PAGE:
Mitchell Johnson’s outburst against former teammate and opener David Warner’s selection in what is deemed as the southpaw’s farewell series.
A Chinese company on Monday signed a USD 1.5 billion agreement with Pakistan to set up a hydropower project in Pakistan-occupied Kashmir (PoK) under the ambitious CPEC project. Pakistan Prime Minister Imran Khan witnessed the signing of the agreement with China Gezhouba for “Azad Pattan Hydropower Project” at a ceremony here.
The project is located in Sadhanoti district of PoK on Jhelum river and is expected to be completed in 2026.
The CPEC, which connects Gwadar Port in Balochistan with China’s Xinjiang province, is the flagship project of Chinese President Xi Jinping’s ambitious Belt and Road Initiative (BRI). Originally valued at USD 46 billion, the CPEC projects were worth USD 62 billion as of 2017.
India has protested to China over the CPEC as it is being laid through PoK.
The Ministry of External Affairs early this year said that Pakistan was told that entire Jammu and Kashmir and Ladakh, including areas of Gilgit and Baltistan, are an integral part of India and that Islamabad should immediately vacate the areas under its illegal occupation.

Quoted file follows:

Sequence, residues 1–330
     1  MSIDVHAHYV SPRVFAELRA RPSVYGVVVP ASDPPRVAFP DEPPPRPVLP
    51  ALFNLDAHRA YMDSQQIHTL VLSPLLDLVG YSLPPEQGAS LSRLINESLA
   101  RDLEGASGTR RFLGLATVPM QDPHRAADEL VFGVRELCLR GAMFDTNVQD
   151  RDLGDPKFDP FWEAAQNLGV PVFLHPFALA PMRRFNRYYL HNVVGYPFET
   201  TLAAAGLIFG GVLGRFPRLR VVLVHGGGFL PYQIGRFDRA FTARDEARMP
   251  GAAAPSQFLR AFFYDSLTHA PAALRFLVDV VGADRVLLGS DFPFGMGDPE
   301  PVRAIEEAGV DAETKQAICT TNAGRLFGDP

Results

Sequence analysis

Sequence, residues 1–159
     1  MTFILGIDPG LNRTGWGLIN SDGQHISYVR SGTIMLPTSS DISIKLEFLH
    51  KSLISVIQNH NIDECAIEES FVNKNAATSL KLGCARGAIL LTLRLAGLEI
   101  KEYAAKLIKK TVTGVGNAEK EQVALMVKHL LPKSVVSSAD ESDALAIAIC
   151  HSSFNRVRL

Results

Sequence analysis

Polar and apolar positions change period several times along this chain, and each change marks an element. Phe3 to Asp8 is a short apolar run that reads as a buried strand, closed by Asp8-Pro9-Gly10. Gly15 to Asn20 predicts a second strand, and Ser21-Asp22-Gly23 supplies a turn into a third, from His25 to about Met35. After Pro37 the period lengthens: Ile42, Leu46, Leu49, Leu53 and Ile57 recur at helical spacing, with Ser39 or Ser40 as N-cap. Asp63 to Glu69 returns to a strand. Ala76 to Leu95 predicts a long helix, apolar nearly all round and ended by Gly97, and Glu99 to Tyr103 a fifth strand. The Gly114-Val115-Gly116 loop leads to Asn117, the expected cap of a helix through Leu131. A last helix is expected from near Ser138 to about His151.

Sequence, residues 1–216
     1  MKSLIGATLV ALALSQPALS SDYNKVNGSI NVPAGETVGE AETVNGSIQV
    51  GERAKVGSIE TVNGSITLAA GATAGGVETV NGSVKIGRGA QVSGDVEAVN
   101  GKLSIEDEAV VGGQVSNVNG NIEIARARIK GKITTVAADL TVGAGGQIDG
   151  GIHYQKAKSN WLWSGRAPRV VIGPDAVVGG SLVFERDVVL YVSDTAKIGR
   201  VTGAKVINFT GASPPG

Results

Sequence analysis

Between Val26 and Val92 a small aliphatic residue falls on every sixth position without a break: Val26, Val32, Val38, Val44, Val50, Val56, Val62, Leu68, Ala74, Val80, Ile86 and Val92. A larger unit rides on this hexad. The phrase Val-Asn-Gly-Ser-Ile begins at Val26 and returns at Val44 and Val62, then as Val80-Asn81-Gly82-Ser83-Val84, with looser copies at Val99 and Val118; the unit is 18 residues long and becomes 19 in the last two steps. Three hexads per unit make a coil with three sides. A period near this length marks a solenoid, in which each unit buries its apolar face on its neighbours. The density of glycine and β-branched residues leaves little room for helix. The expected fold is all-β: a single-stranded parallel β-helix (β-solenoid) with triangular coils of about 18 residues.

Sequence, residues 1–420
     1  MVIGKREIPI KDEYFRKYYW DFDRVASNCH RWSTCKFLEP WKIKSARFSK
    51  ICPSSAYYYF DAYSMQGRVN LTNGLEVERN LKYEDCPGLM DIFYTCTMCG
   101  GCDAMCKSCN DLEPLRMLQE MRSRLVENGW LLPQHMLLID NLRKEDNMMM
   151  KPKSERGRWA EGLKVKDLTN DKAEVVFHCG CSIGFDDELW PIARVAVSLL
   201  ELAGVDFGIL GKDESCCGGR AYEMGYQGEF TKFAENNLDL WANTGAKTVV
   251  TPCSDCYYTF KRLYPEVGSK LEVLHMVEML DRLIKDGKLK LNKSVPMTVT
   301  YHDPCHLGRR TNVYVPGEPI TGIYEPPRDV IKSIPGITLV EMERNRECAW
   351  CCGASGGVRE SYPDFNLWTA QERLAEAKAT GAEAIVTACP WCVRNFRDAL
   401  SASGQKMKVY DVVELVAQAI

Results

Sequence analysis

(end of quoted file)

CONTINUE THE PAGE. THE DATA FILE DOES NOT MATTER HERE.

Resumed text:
“A part of China-Pakistan Economic Corridor (CPEC), with an investment of USD 1.5 Billion, 700.7 MW Azad Pattan will involve no fuel import, thus enabling the country to move towards cheaper & greener power while generating local job opportunities,” according to an official statement issued by the Pakistan government.
Addressing the ceremony, Prime Minister Khan said that the project was an investment and would not be a burden on the country.
“We have learned a lot from the development of China, and the CPEC project will take Pakistan to the very top,” he said.
A Chinese official last month admitted that the majority of the projects under the BRI are either adversely or partially affected by the coronavirus pandemic.
About a fifth of the projects under the BRI had been “seriously affected” by the pandemic, according to Wang Xiaolong, director-general of the foreign ministry’s international economic affairs department.
About 40 per cent of the projects were “adversely affected”, and a further 30-40 per cent were “somewhat affected” Wang said. The projects which were disrupted included the CPEC.